Urbina and Tagus Cove, Isabela

Dec 11, 2018 - National Geographic Endeavour II

It was our second day on Isabela Island, and we’ve had the chance to observe marine creatures found only in this part of the archipelago, where the water is very rich in nutrients.

Land iguanas inhabit this part of Urbina Bay. The terrain here is warm and soft—the perfect habitat for reptiles—so they can easily make their burrows and find enough food. Vegetation is everywhere, providing poison apples, leaves, and different species of greens that make up the diet of a healthy iguana population.

An interesting fact about the flora of the Galápagos: The flowers here are mostly yellow and white because of a lack of local pollinators—not very many have arrived in the archipelago naturally. One of the prettiest blooms is the cotton flower, which is pollinated by the big carpenter bee.

In the afternoon, we went for a fast-paced walk. We stopped at Darwin’s Lake, a turquoise and brackish lagoon, surrounded by a dense forest of palo santo or incense trees. We continued toward a lookout point from which we had an amazing view of the landscape filled with beautiful colors in the afternoon light.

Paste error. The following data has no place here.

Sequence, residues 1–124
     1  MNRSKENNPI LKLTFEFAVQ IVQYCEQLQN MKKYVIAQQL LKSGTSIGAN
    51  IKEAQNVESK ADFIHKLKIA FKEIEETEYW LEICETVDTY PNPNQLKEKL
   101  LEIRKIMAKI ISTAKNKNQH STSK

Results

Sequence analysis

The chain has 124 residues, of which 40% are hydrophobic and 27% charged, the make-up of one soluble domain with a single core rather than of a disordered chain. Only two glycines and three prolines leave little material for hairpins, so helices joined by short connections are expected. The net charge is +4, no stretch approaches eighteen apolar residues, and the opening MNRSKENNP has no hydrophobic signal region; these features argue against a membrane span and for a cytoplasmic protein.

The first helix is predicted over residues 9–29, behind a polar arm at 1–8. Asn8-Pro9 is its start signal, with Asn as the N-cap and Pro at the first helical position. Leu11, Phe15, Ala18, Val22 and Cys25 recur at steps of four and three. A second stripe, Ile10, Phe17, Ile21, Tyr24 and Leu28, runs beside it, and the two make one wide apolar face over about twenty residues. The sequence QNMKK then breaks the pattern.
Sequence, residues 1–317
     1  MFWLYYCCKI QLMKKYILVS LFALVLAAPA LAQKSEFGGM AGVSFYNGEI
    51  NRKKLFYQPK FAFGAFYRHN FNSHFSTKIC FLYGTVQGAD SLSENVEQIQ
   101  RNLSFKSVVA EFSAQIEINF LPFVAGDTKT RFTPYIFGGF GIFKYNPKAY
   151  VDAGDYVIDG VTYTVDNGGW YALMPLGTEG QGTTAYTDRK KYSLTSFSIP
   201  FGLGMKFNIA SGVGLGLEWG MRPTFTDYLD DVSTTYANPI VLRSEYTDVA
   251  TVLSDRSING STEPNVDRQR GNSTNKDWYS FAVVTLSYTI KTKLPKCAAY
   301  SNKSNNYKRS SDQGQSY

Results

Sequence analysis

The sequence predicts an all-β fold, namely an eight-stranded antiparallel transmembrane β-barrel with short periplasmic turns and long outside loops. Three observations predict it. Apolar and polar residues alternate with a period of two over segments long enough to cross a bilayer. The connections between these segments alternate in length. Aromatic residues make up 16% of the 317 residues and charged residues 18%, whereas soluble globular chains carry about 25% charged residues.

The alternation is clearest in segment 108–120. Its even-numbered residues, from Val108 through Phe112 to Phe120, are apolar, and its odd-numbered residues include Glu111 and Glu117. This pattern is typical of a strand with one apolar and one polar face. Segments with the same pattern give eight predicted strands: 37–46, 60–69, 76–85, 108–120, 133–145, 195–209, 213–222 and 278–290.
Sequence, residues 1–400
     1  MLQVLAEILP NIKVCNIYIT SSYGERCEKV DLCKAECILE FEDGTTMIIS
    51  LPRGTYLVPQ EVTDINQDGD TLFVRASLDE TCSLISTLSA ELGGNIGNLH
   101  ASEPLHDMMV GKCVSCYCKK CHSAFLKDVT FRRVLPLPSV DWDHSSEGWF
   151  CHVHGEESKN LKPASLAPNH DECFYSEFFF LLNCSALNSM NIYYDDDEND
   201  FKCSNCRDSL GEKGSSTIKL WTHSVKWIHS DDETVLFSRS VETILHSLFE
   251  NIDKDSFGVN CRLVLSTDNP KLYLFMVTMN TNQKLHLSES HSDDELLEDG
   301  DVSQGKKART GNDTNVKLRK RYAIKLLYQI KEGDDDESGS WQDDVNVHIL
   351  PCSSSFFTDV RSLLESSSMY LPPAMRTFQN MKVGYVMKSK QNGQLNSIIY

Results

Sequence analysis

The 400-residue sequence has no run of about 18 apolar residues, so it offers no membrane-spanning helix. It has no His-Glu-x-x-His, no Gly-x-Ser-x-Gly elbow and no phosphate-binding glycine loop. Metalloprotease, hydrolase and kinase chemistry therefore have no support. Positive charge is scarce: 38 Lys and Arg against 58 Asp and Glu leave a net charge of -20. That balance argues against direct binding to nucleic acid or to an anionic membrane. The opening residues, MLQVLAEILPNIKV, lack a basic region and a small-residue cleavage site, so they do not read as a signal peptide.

Tagus Cove was the perfect place to think about how interesting these islands really are. The diversity of creatures here has amazed us and kept us wondering how evolutionary processes take place… It’s all a matter of time. 

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About the Author

Ximena Cordova


Ximena was born in Cuenca, the third largest city of Ecuador. Located in the Andes Mountains, Cuenca is known as the cultural capital of Ecuador and is listed as a UNESCO World Heritage Trust site because of its many historical buildings. Ximena gained experience with American culture as an exchange student in Santa Barbara, CA, and later, while living and working at the United Nations in New York City for four and a half years.

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